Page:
New Year’s resolutions are often hard to make into a habit. If exercising more is one of them, January weather can make it more of an indoor effort. If riding your bike more is one of your ways to get fit, cold, snow, and ice can be a challenge. Consider a year of cycling to improve your physical and mental health.
Outside Magazine started the year with an article encouraging more people to take up biking.
Theoretically, getting more people to ride should be easy. Never in the history of cycling has there been a wider range of bicycles and riding styles on offer to the American consumer. However, there’s still a pretty significant barrier of entry to cycling here in America, and it’s called the prospect of death.
But how dangerous is cycling really? Unfortunately it’s difficult to say with numerical certainty, because the annual number of bicycle deaths doesn’t tell the entire story. We do know that somewhere around 800 people per year are killed in cycling crashes, but what we don’t have is the necessary data to calculate cyclist mortality per miles traveled.
The article highlights the importance of avoiding cars, using sensible bike gear, and slowing down (for the road racing types).
I bike commute. I select and plan my routes carefully and know them well. It is important to me that I avoid what I would consider dangerous streets and stick to more pleasant neighborhood streets or roads with lower traffic volumes and speeds. I wear bright gear and usually have lights with me, especially in the winter months because it is important to be seen by motorists.
My bike commute is my main exercise. I measure every trip on a GPS app to track myself, which makes it a little more fun. I biked nearly 4,600 miles and burned more than 176,000 calories. More than 2,900 of those miles and 116,000 of the calories were on my work commutes. It is a vital part of my day to bike to work. I rotate among three bikes and take different routes to keep it interesting. It takes planning and more attention to the weather and my daily schedule, but I’ve been able to make it work to my advantage.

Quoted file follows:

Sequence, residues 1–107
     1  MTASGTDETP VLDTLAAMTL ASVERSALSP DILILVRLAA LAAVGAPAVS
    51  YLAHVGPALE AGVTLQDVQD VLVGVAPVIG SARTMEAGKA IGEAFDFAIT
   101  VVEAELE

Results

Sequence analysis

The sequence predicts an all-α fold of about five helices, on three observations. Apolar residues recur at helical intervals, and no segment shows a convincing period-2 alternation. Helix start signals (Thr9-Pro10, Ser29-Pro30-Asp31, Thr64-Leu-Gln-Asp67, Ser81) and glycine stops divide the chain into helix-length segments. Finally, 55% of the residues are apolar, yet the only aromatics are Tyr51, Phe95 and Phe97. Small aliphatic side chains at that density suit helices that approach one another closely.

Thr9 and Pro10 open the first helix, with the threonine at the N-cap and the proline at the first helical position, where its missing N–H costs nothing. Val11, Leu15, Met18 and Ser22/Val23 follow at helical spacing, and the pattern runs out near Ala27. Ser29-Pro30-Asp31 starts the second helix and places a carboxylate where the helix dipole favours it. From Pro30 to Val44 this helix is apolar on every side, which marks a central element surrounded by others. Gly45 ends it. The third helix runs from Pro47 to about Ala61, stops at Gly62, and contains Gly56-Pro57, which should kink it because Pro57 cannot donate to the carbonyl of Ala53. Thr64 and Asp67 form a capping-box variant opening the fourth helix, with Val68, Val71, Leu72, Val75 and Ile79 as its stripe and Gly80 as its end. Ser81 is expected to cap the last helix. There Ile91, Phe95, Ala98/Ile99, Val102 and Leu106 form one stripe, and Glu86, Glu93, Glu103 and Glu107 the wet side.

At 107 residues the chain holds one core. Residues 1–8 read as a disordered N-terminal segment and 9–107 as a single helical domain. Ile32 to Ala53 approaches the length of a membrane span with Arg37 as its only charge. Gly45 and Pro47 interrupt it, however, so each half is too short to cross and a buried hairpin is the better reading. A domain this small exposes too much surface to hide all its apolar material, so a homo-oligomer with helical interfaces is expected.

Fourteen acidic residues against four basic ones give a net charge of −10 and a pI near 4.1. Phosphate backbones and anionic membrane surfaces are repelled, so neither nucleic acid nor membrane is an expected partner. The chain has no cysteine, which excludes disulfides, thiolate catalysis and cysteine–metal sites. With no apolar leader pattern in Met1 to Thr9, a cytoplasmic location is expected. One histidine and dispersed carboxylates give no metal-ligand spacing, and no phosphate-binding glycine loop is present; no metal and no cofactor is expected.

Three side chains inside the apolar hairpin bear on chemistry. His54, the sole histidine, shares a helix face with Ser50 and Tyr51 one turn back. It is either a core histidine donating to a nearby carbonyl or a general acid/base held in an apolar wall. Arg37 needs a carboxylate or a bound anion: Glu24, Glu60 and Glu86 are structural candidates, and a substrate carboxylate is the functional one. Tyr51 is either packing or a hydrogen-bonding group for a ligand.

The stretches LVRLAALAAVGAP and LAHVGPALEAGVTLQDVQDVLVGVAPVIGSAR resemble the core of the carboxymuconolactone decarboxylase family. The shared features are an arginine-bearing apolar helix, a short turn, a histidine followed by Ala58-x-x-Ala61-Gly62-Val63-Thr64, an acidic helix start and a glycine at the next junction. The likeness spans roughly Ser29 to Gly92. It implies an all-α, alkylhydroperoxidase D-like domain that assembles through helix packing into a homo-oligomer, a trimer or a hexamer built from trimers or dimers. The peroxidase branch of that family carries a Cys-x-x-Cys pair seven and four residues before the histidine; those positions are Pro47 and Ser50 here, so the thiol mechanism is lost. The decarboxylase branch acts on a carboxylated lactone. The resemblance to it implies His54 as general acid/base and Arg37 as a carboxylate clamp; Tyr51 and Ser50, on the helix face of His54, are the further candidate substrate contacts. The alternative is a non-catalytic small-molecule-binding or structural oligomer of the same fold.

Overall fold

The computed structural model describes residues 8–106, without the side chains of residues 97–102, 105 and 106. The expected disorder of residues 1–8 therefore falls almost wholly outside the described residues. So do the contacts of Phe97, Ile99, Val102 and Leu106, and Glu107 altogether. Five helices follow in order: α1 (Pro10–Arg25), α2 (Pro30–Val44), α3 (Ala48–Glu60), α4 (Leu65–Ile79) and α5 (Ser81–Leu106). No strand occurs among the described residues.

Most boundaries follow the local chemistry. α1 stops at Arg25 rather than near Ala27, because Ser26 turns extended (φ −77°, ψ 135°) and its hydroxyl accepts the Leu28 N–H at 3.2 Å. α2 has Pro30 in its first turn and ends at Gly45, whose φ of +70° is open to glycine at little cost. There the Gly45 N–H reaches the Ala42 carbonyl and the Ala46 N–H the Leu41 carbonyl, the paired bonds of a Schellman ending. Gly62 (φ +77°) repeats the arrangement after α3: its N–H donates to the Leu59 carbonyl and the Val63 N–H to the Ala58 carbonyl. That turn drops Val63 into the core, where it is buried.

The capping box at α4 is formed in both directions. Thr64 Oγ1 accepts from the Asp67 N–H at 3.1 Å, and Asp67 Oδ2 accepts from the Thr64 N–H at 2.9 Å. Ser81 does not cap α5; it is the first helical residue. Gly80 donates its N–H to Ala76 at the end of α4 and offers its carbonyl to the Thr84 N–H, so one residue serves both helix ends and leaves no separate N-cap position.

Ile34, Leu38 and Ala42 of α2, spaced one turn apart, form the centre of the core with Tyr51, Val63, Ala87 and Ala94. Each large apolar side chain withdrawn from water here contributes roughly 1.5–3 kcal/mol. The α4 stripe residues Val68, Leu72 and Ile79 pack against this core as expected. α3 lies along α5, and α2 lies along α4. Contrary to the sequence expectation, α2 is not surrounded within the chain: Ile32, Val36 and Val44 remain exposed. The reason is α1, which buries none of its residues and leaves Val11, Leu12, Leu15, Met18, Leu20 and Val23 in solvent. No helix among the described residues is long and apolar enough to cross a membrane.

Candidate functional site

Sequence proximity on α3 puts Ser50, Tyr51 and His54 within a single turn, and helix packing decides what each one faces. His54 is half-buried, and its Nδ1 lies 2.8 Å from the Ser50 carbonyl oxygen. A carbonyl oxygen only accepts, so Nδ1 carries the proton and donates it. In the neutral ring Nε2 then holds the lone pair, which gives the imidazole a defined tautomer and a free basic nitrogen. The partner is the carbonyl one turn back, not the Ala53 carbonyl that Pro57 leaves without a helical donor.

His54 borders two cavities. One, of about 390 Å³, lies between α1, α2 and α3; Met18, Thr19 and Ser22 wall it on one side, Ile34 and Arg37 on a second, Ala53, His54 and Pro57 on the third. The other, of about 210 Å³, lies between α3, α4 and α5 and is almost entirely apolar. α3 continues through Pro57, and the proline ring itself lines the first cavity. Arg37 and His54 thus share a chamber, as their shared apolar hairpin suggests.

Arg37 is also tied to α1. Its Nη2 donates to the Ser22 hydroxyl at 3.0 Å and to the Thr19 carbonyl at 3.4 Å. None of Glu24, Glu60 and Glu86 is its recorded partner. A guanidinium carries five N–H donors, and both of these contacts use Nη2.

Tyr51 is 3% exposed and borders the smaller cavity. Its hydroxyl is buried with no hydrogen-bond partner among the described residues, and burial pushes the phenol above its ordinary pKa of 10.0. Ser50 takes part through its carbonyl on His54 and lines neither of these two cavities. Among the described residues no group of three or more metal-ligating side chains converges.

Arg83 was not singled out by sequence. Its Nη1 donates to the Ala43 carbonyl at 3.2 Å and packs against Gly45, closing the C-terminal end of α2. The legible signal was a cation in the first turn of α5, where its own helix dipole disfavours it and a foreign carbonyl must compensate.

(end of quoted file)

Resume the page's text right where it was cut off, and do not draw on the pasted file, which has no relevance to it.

Commuting by bike to work and for errands does improve physical and mental health. A recent study focusing on the health aspects of biking for transportation was highlighted on REI’s blog:
Is there something about riding your bike that makes you feel better? Well, it turns out science may validate your experience. An article recently published in Environmental International suggests that those who use a bicycle as a form of transportation may maintain higher levels of self-perceived health than drivers, walkers and public transportation users and also experience lower levels of stress.
The study found that overall biking gave cyclists more energy and less stress than people who didn’t bike (seem obvious, but good to confirm). It also found that those cyclists had better engagement and involvement with their communities. “[B]iking forces us to slow down and interact with our surroundings in a different way—something that can be relaxing, exciting and generally more fulfilling,” according to the article. I certainly find that I am much more loyal and attentive to the places along the most common routes I bike. I make errands and some work trips out to be opportunities to exercise, which not only keeps me fit but prevents me from burning fuel with my vehicle while also saving a little money. That’s a win-win.